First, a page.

We think, therefore, that the denial of the motion to amend was proper but that this proceeding should be transferred to a district where venue lies, if the appellant even now shall ask for such transfer.
Accordingly, the judgment will be affirmed, and the plaintiff shall be permitted within thirty days after the filing of our mandate to move for the vacation of the order dismissing his complaint and a transfer of the action to a district of proper venue.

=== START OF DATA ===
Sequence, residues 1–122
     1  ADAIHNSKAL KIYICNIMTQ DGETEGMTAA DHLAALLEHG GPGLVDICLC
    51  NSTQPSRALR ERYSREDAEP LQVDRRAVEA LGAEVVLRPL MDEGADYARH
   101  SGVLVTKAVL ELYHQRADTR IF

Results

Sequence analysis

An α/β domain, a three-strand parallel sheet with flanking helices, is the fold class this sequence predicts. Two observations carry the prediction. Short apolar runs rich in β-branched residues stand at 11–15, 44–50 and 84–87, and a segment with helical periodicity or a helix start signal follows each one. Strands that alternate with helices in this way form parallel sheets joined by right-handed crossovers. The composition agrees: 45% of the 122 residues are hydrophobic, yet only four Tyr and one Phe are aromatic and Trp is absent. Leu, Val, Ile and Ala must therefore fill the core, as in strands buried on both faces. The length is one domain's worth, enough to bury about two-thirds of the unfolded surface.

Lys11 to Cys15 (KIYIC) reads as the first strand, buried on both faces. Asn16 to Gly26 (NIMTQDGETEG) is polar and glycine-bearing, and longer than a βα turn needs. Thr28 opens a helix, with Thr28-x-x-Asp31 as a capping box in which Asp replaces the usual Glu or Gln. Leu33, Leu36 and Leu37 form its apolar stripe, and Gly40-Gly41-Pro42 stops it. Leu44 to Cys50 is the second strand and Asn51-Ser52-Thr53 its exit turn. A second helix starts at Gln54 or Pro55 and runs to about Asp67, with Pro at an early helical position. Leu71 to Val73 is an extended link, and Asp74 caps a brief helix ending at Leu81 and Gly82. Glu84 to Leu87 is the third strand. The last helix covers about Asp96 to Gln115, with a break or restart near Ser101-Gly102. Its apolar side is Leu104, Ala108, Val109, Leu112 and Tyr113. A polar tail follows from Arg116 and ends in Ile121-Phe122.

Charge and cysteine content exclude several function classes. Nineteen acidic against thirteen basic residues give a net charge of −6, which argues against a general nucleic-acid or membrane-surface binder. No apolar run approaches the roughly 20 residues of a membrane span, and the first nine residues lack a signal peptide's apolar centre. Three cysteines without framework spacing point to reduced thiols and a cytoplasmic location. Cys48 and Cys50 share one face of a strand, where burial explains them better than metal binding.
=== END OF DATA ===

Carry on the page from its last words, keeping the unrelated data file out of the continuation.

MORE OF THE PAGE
The court below properly noted that because plaintiff did not certify the involvement of the jurisdictional amount, as required by local practice, the maintenance and cure claim cannot have any standing as a suit within diversity jurisdiction. Indeed, in the complaint itself the maintenance and cure count contains no allegation of the amount involved
A contrary suggestion in a footnote, Connolly v. Farrell Lines, Inc., 1st Cir. 1959, 268 F.2d 653, 657 n. 2, cert. denied, 361 U.S. 902, 80 S.Ct. 208, 4 L.Ed.2d 158 seems to have been made without adverting to the Supreme Court's decision in the Fourco case, which is not distinguished or even cited